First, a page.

abstract = "BACKGROUND: Older people with multimorbidities are projected to be the main recipients of palliative care in the coming decades. However, because their specific palliative care needs are poorly understood and service response is underdeveloped, older people with multimorbidity are less likely to receive palliative care. Innovative specialist palliative care services are developing to address this gap, but with little underpinning evidence. Therefore the aim of this paper is to describe the clinical characteristics, symptoms and other concerns of older people with multi-morbidity referred to a new community palliative care service; and to explore possible implications for service delivery by comparing this service population with people receiving standard community-based specialist palliative care.METHODS: Cross-sectional study comparing routinely collected demographic, clinical, and point-of-care patient-level outcomes data [Phase of Illness, Australia-modified Karnofsky Performance Status (AKPS) and Integrated Palliative care Outcome Scale] across an innovative palliative service-Bromley Care Coordination (BCC) with patients in the standard specialist community palliative care (SC). Composite case studies of BCC patients provide more in-depth illustration of results.RESULTS: Compared with patients who received Standard Care, patients seen by BCC were more often female, older and with a non-malignant diagnosis (16{\%} cancer in BCC versus 72{\%} cancer in SC). Patients across the two services had a similar symptom profile at first contact in the pairwise complete case analysis. SC patients reported more frequently pain, nausea, vomiting, constipation, anxiety and family concern, and BCC patients reported more frequently mobility concerns. Functional status was lower for BCC patients on entry into the service (AKPS 40 median versus SC AKPS of 50). BCC patients stayed longer in each phase of illness (56 days median versus SC 41 days), with a more unpredictable subsequent phase.CONCLUSIONS: The population of older people with multimorbidity has not been routinely recognized as having specialist palliative care needs. However, this evaluation shows that, at first contact, the symptoms and concerns across both service populations was surprisingly similar. Nevertheless, patterns of symptoms may differ between populations over time. Longitudinal prospective data are needed to examine these changes overtime, and the relationship with multimorbidity.",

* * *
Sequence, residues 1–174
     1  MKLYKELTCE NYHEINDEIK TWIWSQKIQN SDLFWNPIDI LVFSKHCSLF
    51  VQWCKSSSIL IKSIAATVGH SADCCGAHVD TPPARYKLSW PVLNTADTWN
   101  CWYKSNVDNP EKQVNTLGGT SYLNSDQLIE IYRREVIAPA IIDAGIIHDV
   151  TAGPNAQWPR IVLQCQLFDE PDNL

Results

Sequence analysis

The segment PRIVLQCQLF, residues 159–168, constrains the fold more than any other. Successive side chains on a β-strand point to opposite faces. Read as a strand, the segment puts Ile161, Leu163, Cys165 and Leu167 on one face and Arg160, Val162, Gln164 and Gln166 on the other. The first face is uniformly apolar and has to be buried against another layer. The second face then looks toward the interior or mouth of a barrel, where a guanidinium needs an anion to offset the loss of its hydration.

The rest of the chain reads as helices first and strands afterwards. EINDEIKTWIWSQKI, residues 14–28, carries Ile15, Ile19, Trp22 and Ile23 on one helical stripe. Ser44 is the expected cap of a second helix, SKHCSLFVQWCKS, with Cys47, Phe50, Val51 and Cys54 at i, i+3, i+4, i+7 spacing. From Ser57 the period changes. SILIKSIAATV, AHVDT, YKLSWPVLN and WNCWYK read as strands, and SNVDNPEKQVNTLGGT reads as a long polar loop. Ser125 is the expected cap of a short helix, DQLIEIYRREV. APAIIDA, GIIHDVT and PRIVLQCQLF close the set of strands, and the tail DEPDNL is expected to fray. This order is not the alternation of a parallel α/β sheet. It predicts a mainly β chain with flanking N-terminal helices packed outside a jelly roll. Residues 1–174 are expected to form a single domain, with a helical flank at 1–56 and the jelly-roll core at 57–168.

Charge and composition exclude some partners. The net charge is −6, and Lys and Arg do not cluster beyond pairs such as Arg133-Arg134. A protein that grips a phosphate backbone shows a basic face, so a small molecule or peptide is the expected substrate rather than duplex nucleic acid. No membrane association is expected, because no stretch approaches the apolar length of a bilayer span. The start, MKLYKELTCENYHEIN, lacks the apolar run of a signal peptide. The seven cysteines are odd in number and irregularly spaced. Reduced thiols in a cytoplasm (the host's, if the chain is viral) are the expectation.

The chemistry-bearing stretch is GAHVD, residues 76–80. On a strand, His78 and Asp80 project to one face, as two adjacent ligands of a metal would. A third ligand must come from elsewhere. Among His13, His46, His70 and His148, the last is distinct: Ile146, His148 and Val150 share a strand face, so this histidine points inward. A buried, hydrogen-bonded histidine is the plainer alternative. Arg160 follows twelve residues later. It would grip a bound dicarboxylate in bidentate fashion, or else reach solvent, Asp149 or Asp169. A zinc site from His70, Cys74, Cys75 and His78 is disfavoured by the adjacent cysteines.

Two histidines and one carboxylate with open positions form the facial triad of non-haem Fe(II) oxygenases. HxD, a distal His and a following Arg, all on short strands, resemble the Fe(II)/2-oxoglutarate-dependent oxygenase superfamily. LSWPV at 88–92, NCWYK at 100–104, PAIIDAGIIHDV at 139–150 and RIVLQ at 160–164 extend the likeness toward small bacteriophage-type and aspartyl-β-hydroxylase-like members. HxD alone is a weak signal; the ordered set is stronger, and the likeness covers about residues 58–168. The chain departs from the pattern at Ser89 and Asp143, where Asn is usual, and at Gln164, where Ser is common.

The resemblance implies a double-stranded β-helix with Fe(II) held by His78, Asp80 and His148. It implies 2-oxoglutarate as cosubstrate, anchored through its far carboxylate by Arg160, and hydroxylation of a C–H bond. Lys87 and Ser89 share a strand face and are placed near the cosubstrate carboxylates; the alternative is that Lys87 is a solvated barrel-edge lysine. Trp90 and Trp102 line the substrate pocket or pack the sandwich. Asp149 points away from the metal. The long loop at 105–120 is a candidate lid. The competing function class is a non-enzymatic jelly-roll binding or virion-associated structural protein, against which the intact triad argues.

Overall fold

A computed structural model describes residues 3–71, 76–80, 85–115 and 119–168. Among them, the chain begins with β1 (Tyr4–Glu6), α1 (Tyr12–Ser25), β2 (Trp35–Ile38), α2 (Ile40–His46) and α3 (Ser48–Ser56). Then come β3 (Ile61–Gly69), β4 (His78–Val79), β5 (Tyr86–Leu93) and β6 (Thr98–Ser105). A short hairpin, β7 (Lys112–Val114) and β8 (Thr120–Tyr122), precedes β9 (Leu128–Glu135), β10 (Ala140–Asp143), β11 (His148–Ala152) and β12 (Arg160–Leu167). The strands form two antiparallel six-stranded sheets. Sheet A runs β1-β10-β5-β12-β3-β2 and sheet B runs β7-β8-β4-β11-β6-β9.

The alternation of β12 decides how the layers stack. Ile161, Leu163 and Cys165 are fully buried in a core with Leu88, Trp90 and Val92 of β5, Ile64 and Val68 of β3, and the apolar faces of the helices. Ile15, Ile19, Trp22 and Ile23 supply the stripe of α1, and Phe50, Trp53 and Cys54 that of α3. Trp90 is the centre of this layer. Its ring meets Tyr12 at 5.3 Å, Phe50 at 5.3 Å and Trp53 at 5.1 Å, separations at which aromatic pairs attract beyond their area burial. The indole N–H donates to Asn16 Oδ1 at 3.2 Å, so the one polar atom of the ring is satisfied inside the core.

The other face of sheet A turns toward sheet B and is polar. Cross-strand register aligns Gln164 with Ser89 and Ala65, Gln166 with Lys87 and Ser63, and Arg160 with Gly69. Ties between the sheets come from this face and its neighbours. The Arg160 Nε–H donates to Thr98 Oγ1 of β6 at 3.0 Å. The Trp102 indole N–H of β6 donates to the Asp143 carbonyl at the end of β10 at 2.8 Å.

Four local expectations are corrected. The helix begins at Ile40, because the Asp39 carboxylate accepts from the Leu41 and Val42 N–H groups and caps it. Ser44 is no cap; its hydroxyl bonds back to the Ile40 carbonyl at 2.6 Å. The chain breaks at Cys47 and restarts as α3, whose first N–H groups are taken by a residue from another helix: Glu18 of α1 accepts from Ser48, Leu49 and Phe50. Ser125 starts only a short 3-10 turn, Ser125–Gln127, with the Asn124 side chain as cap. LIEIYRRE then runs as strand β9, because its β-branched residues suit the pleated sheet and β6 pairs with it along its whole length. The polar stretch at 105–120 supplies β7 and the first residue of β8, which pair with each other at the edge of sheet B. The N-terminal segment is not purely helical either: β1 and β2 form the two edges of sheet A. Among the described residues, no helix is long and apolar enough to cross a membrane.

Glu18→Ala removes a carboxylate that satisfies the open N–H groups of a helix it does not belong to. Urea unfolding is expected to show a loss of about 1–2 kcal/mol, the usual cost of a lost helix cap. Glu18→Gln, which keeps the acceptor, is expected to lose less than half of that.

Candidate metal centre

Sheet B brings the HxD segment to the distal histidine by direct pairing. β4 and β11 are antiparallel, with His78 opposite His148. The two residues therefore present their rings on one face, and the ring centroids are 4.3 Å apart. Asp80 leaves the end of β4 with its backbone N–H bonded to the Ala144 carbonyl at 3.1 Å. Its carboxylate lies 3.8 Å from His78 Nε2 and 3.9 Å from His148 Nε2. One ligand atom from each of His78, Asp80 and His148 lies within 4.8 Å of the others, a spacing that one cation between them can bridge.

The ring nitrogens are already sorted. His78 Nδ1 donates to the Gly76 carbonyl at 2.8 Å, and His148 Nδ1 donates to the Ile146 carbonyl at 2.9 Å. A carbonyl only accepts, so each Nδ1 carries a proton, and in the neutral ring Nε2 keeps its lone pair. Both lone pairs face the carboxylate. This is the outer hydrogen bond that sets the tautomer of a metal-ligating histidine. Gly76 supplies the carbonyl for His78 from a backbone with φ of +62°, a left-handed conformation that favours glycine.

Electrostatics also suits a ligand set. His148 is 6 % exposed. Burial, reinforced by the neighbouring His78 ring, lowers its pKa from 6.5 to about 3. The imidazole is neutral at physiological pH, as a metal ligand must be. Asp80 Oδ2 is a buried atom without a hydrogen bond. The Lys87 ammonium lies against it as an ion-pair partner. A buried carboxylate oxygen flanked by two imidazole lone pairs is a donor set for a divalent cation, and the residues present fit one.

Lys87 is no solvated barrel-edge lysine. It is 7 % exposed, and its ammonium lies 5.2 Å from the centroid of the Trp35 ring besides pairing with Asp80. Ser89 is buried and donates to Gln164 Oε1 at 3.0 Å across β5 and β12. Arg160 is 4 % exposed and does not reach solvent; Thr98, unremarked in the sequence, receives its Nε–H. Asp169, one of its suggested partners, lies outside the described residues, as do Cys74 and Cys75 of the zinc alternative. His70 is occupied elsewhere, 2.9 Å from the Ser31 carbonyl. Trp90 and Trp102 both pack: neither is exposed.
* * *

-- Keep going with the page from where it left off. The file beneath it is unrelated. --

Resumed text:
keywords = "frailty, Multimorbidity, older people palliative care, patient reported outcome measures",
author = "Caroline Nicholson and Davies, {Joanna M.} and Rob George and Blake Smith and Victor Pace and Laura Harris and Joy Ross and Jan Noble and Penny Hansford and Murtagh, {Fliss E.M.}",
year = "2018",
month = "10",
day = "1",
doi = "10.21037/apm.2018.06.07",
language = "English",
volume = "7",
pages = "S164--S175",
journal = "Annals of Palliative Medicine",
issn = "2224-5820",
publisher = "AME Publishing Company",
number = "3",

}

RIS (suitable for import to EndNote) Download

TY - JOUR

T1 - What are the main palliative care symptoms and concerns of older people with multimorbidity?-a comparative cross-sectional study using routinely collected Phase of Illness, Australia-modified Karnofsky Performance Status and Integrated Palliative Care Outcome Scale data

AU - Nicholson, Caroline

AU - Davies, Joanna M.

AU - George, Rob

AU - Smith, Blake

AU - Pace, Victor

AU - Harris, Laura

AU - Ross, Joy

AU - Noble, Jan

AU - Hansford, Penny

AU - Murtagh, Fliss E.M.

PY - 2018/10/1

Y1 - 2018/10/1